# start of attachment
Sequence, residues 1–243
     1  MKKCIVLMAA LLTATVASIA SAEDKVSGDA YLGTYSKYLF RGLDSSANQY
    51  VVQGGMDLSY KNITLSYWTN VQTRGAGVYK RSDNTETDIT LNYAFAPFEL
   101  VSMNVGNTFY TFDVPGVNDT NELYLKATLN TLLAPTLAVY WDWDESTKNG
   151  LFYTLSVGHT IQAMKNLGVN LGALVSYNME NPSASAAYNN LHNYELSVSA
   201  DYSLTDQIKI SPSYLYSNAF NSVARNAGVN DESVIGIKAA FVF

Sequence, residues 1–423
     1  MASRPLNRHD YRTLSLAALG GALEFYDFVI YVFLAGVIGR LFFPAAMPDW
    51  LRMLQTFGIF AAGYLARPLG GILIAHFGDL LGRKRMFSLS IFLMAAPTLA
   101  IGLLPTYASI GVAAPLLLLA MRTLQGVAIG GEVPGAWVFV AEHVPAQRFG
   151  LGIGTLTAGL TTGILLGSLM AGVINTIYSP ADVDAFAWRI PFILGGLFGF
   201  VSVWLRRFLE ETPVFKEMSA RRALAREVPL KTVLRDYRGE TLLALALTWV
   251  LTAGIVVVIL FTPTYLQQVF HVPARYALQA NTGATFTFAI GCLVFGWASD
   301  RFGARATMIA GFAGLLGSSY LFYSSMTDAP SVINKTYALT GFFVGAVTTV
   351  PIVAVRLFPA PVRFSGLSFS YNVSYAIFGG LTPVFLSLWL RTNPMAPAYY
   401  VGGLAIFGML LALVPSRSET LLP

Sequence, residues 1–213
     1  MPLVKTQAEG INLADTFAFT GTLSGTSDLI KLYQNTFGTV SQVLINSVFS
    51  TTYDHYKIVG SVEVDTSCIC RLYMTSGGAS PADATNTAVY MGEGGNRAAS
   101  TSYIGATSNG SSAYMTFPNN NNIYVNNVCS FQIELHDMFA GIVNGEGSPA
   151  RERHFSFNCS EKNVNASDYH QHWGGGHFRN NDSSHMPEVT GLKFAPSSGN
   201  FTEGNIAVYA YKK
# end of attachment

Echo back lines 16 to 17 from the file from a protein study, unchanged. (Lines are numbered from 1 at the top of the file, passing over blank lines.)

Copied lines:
   401  VGGLAIFGML LALVPSRSET LLP

Sequence, residues 1–213